Manipur State seeks VPN server block

Man fishing on a lake in Manipur India

In the Indian state of Manipur, the internet has been shut down in its entirety since May 3rd. And while the state’s High Court is now keen to get it back up and running, the local authorities say this isn’t possible while citizens can use VPNs to bypass their censorship and access blocked content.

It will come as no surprise to readers that Indian internet users are keen VPN subscribers because of the national and local government’s habit of blocking online content that doesn’t match their own political or moral standards.

But when internet shutdowns are implemented, VPNs are less helpful because no one can access the internet in any capacity.

What’s going on in Manipur State

This has been the case in Manipur since early May when clashes broke out in the region between the dominant Meitei people and the Scheduled Tribe Kuki-Zomi people.

In the wake of these clashes, the Manipur Government shut down broadband internet, and the State’s High Court is now pushing to have it restored, having received numerous public interest litigation (PILs) petitions demanding its restoration.

The Manipur Government has been far from cooperative so far. They have been clear that it is perfectly possible to restore internet access, which I don’t think was ever in doubt. But they have been clear that they do not plan to restore access to social media sites, despite the likes of Facebook having huge numbers of users in the region.

They are also well aware that once the internet is restored, people will be able to use VPNs to get around their censorship. Needless to say, this is not something they are keen on.

What are the possible solutions?

As a result of State government intransigence, the Court is currently trying to find a settlement that all parties can agree on.

One option suggested by the ISPs who have bought the petitions to court is to whitelist certain devices and broadband connections and secure these devices so that limited access can be provided to the public at designated spots.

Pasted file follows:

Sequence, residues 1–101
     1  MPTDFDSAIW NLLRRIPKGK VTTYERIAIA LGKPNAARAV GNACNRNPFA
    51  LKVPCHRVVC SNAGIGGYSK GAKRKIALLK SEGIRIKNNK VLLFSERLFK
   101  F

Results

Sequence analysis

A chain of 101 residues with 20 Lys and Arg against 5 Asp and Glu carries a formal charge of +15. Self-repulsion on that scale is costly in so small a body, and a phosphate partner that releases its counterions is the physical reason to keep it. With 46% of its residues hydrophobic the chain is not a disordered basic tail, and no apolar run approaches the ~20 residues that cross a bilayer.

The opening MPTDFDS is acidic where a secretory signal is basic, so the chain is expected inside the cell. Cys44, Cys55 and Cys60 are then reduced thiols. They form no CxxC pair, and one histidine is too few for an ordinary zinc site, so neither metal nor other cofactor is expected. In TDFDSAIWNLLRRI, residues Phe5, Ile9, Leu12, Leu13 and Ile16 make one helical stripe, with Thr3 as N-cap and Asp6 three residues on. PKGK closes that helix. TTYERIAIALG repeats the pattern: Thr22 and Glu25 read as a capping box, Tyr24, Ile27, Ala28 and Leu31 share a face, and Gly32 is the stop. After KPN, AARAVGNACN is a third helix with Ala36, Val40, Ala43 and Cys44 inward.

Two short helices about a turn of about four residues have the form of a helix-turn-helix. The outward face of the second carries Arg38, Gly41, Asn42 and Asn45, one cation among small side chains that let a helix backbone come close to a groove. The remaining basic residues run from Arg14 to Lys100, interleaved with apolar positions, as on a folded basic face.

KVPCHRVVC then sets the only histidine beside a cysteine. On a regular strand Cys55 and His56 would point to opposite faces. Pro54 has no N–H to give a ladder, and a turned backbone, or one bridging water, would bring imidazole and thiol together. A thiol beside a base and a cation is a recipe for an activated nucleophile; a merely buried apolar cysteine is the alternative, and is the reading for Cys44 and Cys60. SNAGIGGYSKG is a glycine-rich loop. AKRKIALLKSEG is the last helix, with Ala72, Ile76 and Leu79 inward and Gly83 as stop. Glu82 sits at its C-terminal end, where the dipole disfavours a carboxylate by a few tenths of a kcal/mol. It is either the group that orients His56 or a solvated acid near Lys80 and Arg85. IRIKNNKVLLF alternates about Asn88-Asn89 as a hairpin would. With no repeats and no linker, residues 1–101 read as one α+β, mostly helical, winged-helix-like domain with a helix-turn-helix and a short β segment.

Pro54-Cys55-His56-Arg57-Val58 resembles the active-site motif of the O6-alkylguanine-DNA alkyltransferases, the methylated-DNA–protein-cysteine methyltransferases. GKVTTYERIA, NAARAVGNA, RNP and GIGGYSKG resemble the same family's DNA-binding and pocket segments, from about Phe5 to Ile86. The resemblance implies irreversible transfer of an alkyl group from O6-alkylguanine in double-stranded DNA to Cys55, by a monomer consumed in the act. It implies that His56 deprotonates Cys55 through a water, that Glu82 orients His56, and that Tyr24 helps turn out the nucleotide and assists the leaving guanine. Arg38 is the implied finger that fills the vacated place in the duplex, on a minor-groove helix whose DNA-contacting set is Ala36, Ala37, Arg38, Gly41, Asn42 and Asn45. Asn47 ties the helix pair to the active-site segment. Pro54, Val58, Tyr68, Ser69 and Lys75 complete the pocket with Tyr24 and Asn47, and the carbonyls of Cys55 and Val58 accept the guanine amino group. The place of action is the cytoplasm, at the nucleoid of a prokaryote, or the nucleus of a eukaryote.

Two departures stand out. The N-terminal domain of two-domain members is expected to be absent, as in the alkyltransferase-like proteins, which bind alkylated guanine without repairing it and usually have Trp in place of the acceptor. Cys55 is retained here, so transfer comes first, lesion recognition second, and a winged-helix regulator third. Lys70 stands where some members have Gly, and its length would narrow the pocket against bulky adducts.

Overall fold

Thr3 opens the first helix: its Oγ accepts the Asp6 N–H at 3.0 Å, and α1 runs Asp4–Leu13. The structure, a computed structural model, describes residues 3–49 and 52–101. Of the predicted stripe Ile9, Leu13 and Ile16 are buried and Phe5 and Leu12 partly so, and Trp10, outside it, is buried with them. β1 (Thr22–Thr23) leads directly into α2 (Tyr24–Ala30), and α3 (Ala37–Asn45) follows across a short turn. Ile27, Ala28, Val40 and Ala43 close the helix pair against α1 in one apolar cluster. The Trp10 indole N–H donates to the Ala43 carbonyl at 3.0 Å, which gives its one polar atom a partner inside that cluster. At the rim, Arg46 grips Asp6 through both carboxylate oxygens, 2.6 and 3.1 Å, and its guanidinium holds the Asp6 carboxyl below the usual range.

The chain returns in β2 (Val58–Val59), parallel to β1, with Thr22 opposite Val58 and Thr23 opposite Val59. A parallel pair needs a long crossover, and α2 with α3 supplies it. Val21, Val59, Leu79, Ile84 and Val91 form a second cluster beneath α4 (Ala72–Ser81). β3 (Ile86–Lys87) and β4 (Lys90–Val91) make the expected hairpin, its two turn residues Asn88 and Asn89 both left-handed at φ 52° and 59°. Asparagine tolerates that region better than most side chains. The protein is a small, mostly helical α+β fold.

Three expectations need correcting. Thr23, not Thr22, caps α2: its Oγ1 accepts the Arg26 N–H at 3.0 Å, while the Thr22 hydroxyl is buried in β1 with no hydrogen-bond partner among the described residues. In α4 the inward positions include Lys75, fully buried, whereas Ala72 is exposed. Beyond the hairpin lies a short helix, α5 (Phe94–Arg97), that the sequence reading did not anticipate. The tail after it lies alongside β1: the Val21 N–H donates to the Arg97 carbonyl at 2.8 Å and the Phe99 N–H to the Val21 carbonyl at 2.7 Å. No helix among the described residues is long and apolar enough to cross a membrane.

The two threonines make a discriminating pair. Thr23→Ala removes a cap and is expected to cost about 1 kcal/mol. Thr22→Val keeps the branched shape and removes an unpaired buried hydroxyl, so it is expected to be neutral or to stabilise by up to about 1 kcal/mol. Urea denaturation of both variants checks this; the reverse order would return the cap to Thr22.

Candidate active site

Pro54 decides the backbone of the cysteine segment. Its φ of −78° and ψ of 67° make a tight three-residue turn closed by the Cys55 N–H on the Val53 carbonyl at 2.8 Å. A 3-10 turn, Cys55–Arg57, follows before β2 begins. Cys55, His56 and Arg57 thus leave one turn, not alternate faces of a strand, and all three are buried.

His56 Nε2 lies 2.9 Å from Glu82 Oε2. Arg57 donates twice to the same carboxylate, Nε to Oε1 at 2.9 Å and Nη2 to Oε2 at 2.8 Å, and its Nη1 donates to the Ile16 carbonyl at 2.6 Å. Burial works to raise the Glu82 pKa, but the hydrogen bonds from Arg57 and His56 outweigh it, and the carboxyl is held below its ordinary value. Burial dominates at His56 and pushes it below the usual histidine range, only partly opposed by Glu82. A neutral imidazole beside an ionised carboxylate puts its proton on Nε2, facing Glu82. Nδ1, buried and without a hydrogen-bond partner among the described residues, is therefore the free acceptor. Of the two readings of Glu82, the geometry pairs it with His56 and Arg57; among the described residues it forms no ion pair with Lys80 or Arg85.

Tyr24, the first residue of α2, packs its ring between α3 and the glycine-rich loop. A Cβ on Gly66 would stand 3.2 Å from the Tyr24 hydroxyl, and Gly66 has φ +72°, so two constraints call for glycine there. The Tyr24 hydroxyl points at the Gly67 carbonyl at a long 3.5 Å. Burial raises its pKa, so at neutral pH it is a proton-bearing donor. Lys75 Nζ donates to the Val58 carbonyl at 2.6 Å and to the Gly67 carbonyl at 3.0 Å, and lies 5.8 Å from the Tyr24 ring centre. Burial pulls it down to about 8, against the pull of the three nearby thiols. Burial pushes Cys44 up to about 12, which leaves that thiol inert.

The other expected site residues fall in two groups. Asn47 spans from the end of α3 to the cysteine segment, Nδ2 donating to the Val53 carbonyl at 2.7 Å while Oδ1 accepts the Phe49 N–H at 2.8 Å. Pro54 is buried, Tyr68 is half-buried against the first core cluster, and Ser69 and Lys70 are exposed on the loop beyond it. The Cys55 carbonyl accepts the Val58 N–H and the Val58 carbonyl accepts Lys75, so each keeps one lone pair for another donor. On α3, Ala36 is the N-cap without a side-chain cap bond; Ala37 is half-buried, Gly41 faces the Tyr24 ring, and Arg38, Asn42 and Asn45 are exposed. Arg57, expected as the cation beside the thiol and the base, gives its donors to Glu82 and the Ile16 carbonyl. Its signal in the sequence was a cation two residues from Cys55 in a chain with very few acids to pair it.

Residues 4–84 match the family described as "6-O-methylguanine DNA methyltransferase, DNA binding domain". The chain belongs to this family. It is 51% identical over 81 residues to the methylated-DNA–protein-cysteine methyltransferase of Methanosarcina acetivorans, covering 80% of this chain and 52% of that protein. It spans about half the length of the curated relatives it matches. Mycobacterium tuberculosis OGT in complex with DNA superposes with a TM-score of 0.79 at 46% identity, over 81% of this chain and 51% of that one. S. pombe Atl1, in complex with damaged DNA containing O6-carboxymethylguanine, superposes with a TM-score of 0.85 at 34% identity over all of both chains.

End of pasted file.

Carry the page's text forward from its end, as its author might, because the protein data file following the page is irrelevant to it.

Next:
Whilst still far from ideal, this would still enable some limited internet access in a state that has now been dark for almost two months.

However, while the State Government might consent to this, a recent directive has suggested that they believe that the only way to ensure that VPNs are not being used is to monitor everything people are doing online.

This is obviously deeply unpopular with many people and, as VPNCompare readers will know, the right to private internet access is a right that all people everywhere should be able to enjoy.

VPN block a possible solution

Unfortunately, a possible suggestion proposed by the Court to this sticking point is that VPN servers should be blocked, and then full internet access can be restored.

In many ways, this option is an even worse suggestion since it would theoretically limit people’s access to VPNs, which, as well as allowing uncensored access to the internet, also offer valuable online security and privacy protections.

But, on the other hand, as we know from so many other examples around the world, a policy of trying to block access to VPN servers is doomed to failure since it is relatively easy for premium VPN providers to get around such blocks.

The Court has requested a list of known VPN servers be submitted by the Union Ministry of Electronics and Information Technology (MeitY) and the State Informatics Centre (SIC) before their next hearing.

They have also demanded that those mobile broadband operators in Manipur State submit reports on the feasibility of blocking these servers as well as summoning a variety of tech experts and service providers to give evidence.

The next hearing has been set for June 27th, and it remains to be seen what outcomes the Court reaches and whether Manipur State will then join such luminaries as Iran and the People’s Republic of China in trying to block access to VPNs for its citizens.

Why a VPN block won’t work in Manipur State or anywhere

In some ways, it is shocking that such steps are even under consideration in a notionally free and open democratic state like India. But, on the other hand, to those who have followed India’s recent direction of travel on issues around freedom of speech, this will come as no surprise.

If the Manipur State Court does decide to go down the route of trying to block VPNs, it will be a ruling with mixed blessings. For some in Manipur, restricted internet access will be better than the total shutdown they are currently having to contend with.

Others will lose access to free information and have no option but to comply with the censorship of the State Government. But the smart ones will find a VPN provider that can offer full access to the internet despite the efforts of the Manipur State Government to block them.

And then, they will be able to read the truth about this case and about everything else that is going on in India and the wider world.

Author: David Spencer

Cyber-security & Technology Reporter, David, monitors everything going on in the privacy world. Fighting for a less restricted internet as a member of the VPNCompare team for over 7 years.

Away from writing, he enjoys reading and politics. He is currently learning Mandarin too... slowly.

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